1,1-Dichloroethene

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1,1-Dichloroethene
Structural formula Ball-and-stick model
Identifiers
CAS number 75-35-4 YesY
PubChem 6366
ChemSpider 6126 YesY
UNII 21SK105J9D YesY
KEGG C14039 YesY
ChEBI CHEBI:34031 N
Jmol-3D images Image 1
Properties
Molecular formula C2H2Cl2
Molar mass 96.94 g/mol
Density 1.213 g/cm³
Melting point -122 °C
Boiling point 32 °C
Dipole moment 1.3 D
Hazards
NFPA 704
Flammability code 4: Will rapidly or completely vaporize at normal atmospheric pressure and temperature, or is readily dispersed in air and will burn readily. Flash point below 23 °C (73 °F). E.g., propane Health code 2: Intense or continued but not chronic exposure could cause temporary incapacitation or possible residual injury. E.g., chloroform Reactivity code 2: Undergoes violent chemical change at elevated temperatures and pressures, reacts violently with water, or may form explosive mixtures with water. E.g., phosphorus Special hazards (white): no codeNFPA 704 four-colored diamond
Flash point −22.8 °C (−9.0 °F; 250.3 K)
Except where noted otherwise, data are given for materials in their standard state (at 25 °C (77 °F), 100 kPa)
 N (verify) (what is: YesY/N?)
Infobox references

1,1-Dichloroethene, commonly called 1,1-dichloroethylene or 1,1-DCE, is an organochloride with the molecular formula C2H2Cl2. It is a colorless liquid with a sharp odor. Like most chlorocarbons, it is poorly soluble in water, but soluble in organic solvents. 1,1-DCE was the precursor to the original cling-wrap for food, but this application has been phased out.

Production[edit]

1,1-DCE is produced by dehydrochlorination of 1,1,2-trichloroethane, a relatively unwanted byproduct in the production of 1,1,1-trichloroethane and 1,2-dichloroethane. The conversion involves a base-catalyzed reaction:

Cl2CHCH2Cl + NaOH → Cl2C=CH2 + NaCl + H2O

The gas phase reaction, without the base, would be more desirable but is less selective.[1]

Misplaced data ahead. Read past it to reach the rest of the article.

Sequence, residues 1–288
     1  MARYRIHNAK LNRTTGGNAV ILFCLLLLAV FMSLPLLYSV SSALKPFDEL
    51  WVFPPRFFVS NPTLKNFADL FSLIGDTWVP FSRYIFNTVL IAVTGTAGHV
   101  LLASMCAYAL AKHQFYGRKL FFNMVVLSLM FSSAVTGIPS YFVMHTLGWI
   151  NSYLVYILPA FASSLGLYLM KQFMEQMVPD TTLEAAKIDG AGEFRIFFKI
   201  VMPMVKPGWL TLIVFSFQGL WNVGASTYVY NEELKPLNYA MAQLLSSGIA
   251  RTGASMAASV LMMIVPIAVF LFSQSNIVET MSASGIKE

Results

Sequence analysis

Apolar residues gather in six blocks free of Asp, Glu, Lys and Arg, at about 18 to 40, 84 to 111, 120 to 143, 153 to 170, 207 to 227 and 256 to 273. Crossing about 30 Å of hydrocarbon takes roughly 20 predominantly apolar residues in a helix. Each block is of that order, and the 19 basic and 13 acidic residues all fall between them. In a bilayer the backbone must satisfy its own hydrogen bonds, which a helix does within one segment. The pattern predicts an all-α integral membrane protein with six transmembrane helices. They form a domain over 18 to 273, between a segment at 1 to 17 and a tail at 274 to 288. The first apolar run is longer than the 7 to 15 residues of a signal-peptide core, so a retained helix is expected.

Applications[edit]

1,1-DCE is mainly used as a comonomer in the polymerization of vinyl chloride, acrylonitrile, and acrylates. It is also used in semiconductor device fabrication for growing high purity silicon dioxide (SiO2) films.

Polyvinylidene chloride[edit]

As with many other alkenes, 1,1-DCE can be polymerised to form polyvinylidene chloride. A very widely used product, cling wrap, or Saran was made from this polymer. During the 1990s research suggested that, in common with many chlorinated carbon compounds, Saran posed a possible danger to health by leaching, especially on exposure to food in microwave ovens. Since 2004, therefore cling wrap's formulation has changed to a form of polyethylene.

Safety[edit]

The health effects from exposure to 1,1-DCE are primarily on the central nervous system, including symptoms of sedation, inebriation, convulsions, spasms, and unconsciousness at high concentrations.[2] 1,1-DCE is considered a potential occupational carcinogen by the National Institute for Occupational Safety and Health .[3]

See also[edit]

References[edit]

  1. ^ Manfred Rossberg, Wilhelm Lendle, Gerhard Pfleiderer, Adolf Tögel, Eberhard-Ludwig Dreher, Ernst Langer, Heinz Rassaerts, Peter Kleinschmidt, Heinz Strack, Richard Cook, Uwe Beck, Karl-August Lipper, Theodore R. Torkelson, Eckhard Löser, Klaus K. Beutel, Trevor Mann "Chlorinated Hydrocarbons" in Ullmann's Encyclopedia of Industrial Chemistry 2006, Wiley-VCH, Weinheim. doi:10.1002/14356007.a06_233.pub2.
  2. ^ epa.gov
  3. ^ CDC - NIOSH Pocket Guide to Chemical Hazards

External links[edit]